On the day concerned his holiday application for 10 days was thrust under my nose and he stood smiling awaiting my signature. I enquired politely what he was up to. Where was he off too? I then listened to the complete itinerary of his holiday. He was taking a team of under 12 years olds to play in a football tournament in Holland. The planning was intense as you would expect. Hotels, passports, medication for little Billy, departures, transfers, special meals for certain boys and overall a complete administration job at hand.” I can’t tell you the planning involved” he said thrusting out his chest in immense pride.
So he had the skills but he just chose not to use them. Bizarre considering his work place was his income stream.
Nevertheless, why do some people choose not to embrace their work and skill set once they set foot over the door?
The Robert Owen Strategy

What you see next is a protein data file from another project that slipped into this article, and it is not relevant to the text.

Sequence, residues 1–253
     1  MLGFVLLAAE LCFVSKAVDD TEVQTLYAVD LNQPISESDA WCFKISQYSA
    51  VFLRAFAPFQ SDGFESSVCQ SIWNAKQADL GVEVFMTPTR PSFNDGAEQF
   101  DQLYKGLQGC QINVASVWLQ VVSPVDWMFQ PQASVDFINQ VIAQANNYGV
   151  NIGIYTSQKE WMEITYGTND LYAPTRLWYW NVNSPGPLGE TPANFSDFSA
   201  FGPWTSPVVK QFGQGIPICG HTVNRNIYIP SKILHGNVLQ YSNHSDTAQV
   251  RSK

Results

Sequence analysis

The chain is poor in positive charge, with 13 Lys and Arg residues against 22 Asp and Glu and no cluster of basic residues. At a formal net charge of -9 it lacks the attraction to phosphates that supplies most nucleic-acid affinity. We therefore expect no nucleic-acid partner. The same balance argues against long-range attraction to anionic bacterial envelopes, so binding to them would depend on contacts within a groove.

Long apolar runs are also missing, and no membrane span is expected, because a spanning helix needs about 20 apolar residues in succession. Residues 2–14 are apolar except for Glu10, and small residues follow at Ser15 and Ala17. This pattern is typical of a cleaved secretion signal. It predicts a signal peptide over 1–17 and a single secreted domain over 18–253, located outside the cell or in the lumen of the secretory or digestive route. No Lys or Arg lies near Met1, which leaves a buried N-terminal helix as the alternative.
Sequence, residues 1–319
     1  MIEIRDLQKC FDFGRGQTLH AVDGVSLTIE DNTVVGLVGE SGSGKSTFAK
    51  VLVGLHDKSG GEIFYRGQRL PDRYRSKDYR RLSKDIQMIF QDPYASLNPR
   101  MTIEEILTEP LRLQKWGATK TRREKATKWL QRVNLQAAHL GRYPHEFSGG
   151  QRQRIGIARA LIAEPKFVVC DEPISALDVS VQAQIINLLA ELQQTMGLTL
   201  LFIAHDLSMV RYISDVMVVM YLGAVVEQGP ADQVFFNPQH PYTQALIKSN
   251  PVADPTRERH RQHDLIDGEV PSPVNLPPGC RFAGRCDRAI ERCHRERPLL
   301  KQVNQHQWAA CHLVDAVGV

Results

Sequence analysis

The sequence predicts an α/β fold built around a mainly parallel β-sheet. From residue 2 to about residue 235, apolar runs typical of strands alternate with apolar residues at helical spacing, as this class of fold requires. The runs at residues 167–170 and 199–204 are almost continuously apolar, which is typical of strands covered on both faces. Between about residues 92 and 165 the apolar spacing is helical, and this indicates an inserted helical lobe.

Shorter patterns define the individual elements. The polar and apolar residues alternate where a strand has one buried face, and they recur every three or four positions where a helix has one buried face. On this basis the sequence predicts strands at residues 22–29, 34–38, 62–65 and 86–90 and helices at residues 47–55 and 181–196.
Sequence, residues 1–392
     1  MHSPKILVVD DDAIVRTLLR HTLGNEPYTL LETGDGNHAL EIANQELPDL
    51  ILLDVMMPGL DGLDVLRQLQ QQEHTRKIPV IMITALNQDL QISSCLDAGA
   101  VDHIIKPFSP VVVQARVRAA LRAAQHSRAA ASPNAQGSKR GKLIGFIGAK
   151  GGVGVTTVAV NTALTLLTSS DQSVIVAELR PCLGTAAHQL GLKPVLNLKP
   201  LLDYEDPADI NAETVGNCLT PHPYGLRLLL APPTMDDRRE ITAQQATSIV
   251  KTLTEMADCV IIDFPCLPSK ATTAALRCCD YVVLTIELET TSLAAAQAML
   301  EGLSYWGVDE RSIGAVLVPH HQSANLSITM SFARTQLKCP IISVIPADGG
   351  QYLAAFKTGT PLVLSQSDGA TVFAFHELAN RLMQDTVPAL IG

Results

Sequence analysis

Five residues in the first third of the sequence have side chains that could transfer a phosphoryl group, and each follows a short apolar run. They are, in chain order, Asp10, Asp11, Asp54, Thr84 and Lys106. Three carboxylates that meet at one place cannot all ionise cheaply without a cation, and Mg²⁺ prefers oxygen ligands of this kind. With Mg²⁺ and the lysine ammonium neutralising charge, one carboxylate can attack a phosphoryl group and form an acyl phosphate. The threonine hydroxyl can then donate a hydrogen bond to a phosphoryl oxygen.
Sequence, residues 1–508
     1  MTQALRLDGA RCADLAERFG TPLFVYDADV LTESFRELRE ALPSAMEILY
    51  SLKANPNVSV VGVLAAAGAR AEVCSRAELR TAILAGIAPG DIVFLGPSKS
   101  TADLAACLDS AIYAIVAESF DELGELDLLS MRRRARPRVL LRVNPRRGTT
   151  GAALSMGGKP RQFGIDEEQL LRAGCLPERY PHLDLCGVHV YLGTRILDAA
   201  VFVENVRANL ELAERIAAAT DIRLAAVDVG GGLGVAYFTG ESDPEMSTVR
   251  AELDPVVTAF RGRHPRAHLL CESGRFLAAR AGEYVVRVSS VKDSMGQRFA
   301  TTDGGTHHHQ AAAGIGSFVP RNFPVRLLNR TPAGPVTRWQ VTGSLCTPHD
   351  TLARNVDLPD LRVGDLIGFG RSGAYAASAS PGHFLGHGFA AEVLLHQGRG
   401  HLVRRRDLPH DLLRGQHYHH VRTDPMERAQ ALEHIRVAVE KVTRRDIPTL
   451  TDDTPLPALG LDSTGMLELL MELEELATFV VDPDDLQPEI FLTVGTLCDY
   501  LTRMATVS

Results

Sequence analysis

Our industrial forefathers were in most cases exceptional. These pioneers had it right. The philosophies and influences of these employment strategists were ahead of their time and much of their practices are in the work place today regards employee engagement. We just don’t know it. Robert Owen was one of these early pioneers. He devised the mantra of the eight hour day.
Known today as simply the 3/8ths law.
8 hours work – 8 hours sleep – 8 hours social time.
It should be noted though there are two sides to the 3/8ths law.
- Issues in my social life are effecting my life and sleep and thus affects my work.
- My skills are utilised in my social life but I turn them off in the 8 hours work period.
Invariably if a member of your staff is not performing the odds are the social element of their life is not functioning. Sure, some play office politics purely to survive, but in my experience it is a reflection of what happens when they leave each day and begin the social period. As a leader and manager you can only control what’s happening in the workplace. The real essence of this is how to spot the social issues. Its not always work related issues that makes a member of staff complain vigorously about it to the point of a shouting match. So how do you spot it?
Columbo and the Case of Employee Engagement